RichTO90 Well-Known Member

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    The Submachine Gun, .45 Caliber, T20 was standardized as the M3 on 11 January 1943. The M3E1 was standardized as the M3A1 on 21 December 1944.

    I think you meant "1945" for that last year? :D

    Not sure what you mean?
     
  12. RichTO90

    RichTO90 Well-Known Member

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    Ooops! Sorry, should have read your last first before I posted. Yeah, the ejection port cover "safety" was always an issue. IIRC, the Sten had a similar issue as do a few other such weapons. However, it was a wartime design, intended for rapid production, and was a major change from the prewar philosophy of precision craftsmanship in small arms manufacture. It, like the M1 Carbine, served its purpose, and was better than most other choices available. For example, Reising .45 Caliber Submachine Gun or M3? :D
     
  13. WILD DUKW

    WILD DUKW Active Member

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    We can disagree about the combat effectiveness of the carbine and grease gun. Based on my own experience as a gunsmith and life long hunter/target shooter, I understand why veteran combat soldiers didn't trust either one.

    For example, the grease gun safety problem would have been easy to address, and for very little added cost. So it is easy to blame the Army for shipping such a dangerous POS to the troops.

    The carbine was often converted to full auto by the troops. Why? They wanted to make the lack of killing power by throwing more lead. I assume you have heard the stories of carbines failing to penetrate the multiple layers of heavy winter clothing worn by the Germans. Yes?
     
  14. Terry D

    Terry D Active Member

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    This is, I fear, yet another of those weapons arguments which could go on forever without ever coming to a definitive conclusion.

    The M3 was designed to meet a need for an inexpensive, mass-produced weapon which would be simple enough for new recruits to master relatively quickly. The standard US SMG through 1943 was the Thompson, which was in many ways a good gun but it was also heavy and slow and expensive to produce even in the simplified M1 version. The M3 was indeed easier to make but it did have some problems (as did the Thompson). It was not as stoutly made as the Tommy and so was more easily damaged, the cocking handle was not fully satisfactory (which was why it was replaced by the finger notch), and there are reports that it would fire if you dropped it hard with a loaded mag (see posts above). There are such reports about the Sten as well (see our sister site for more on that) and indeed about the MP40 and even the strongly made British Lanchester. From this I conclude that many SMGs suffered from this defect or danger to greater or less degree and that it was not peculiar to the M3. Compared with the Sten, though, the level of complaint about the M3 was much less. The M3 never had a great reputation with US troops, but I don't think that was entirely due to performance. The M3 was ugly and it had the misfortune to follow a famous and (mostly) popular gun in US service. On the plus side, it was light and simple and I have heard that the heavy bolt and relatively low rate of fire gave it good accuracy for an SMG. The weapon's long survival into the postwar era, when newer and equally cheap guns were widely available, suggests that it was at least relatively successful.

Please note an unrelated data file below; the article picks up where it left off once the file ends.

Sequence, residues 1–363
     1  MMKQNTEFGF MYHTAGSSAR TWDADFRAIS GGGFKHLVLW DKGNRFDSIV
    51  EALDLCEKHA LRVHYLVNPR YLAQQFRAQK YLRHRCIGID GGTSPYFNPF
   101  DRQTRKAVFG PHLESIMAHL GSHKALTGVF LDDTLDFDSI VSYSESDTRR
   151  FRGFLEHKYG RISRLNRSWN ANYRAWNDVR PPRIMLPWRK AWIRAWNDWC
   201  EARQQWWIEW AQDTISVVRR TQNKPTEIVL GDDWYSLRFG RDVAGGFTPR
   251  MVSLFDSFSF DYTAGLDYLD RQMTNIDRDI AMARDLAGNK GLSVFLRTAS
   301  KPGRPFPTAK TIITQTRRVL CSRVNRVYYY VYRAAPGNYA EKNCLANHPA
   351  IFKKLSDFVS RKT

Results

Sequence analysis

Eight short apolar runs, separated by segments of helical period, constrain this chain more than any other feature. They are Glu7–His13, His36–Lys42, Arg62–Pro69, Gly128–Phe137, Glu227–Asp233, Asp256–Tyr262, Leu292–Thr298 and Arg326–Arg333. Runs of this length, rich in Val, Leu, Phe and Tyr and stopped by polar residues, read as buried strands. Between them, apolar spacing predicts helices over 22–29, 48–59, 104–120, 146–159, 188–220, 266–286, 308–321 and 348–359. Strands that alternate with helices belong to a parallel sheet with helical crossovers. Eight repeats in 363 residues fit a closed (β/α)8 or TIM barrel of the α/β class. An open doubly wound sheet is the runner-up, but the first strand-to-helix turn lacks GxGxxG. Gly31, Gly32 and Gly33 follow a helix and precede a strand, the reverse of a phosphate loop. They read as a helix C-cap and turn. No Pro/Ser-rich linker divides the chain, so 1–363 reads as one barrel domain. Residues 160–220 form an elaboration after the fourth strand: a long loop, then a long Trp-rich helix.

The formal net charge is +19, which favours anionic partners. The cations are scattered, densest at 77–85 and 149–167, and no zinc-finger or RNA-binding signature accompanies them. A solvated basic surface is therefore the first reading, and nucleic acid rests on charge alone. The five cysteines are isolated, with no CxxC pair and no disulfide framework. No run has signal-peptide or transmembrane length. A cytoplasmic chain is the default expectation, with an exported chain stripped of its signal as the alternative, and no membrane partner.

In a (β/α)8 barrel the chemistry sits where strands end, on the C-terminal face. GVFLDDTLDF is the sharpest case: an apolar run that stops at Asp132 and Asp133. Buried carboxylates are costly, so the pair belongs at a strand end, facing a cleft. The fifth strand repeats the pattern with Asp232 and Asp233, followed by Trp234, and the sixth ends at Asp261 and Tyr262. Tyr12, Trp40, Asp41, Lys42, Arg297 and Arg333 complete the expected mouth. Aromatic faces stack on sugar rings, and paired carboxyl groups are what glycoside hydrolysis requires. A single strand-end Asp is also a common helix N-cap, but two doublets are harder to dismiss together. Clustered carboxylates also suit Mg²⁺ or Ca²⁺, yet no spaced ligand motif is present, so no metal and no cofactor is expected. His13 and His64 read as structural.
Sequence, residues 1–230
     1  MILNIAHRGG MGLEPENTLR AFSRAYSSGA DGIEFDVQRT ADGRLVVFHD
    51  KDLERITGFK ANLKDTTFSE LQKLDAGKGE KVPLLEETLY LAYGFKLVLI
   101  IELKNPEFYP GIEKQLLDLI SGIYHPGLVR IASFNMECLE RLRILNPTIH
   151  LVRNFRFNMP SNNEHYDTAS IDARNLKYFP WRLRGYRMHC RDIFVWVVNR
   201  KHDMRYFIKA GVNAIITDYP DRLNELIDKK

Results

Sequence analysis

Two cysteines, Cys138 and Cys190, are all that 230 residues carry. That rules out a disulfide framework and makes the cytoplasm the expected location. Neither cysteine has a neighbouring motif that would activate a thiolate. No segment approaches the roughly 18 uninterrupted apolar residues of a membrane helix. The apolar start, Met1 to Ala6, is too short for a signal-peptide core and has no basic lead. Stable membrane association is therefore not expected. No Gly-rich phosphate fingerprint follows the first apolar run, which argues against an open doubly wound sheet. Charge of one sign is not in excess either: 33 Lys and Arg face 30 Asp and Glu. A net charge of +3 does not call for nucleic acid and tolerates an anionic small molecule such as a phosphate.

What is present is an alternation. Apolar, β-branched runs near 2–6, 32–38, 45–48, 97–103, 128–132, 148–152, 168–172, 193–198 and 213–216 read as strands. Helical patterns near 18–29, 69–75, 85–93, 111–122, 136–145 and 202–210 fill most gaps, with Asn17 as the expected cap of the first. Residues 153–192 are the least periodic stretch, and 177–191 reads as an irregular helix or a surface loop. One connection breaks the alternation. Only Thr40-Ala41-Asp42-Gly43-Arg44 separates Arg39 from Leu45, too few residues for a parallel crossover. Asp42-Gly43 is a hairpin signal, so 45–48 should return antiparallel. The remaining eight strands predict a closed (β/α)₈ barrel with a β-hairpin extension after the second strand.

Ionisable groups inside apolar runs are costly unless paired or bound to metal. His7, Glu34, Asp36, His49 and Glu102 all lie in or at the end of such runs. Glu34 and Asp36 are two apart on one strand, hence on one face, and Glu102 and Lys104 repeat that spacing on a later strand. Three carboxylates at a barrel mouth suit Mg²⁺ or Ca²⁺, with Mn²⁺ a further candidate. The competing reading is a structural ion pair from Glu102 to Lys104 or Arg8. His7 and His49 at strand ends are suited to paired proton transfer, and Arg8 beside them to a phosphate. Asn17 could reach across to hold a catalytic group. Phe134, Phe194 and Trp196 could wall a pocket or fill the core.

I realize that I may be treading on tender ground here, but when it comes to evaluating weaponry I am not always immediately persuaded by the experiences of a small sample of users. From what I have read of the wartime British Army, training was often abbreviated and troops were not always properly instructed on how to get the very most out of their weapons or to care for them adequately. (This seems to have been one of the factors in the Sten case.) I am less familiar with the US Army, but given that it was a hastily raised mass force I would suspect that some of the same phenomena were at work. Opinions even among veterans differ widely, as Von P says, and always will. I have read stories of men who served in Vietnam who liked the M3 a great deal. Even the Sten had its proponents, not all of them fools. (The instructors at Camp X in Canada favored it.)
     
    Last edited: Feb 1, 2019
  15. RichTO90

    RichTO90 Well-Known Member

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    If I was talking about the effectiveness of the grease gun, we could or could not disagree, it makes little difference to me. And even less so regarding the carbine. "It served its purpose" is not an analysis of its effectiveness as a battlefield weapon.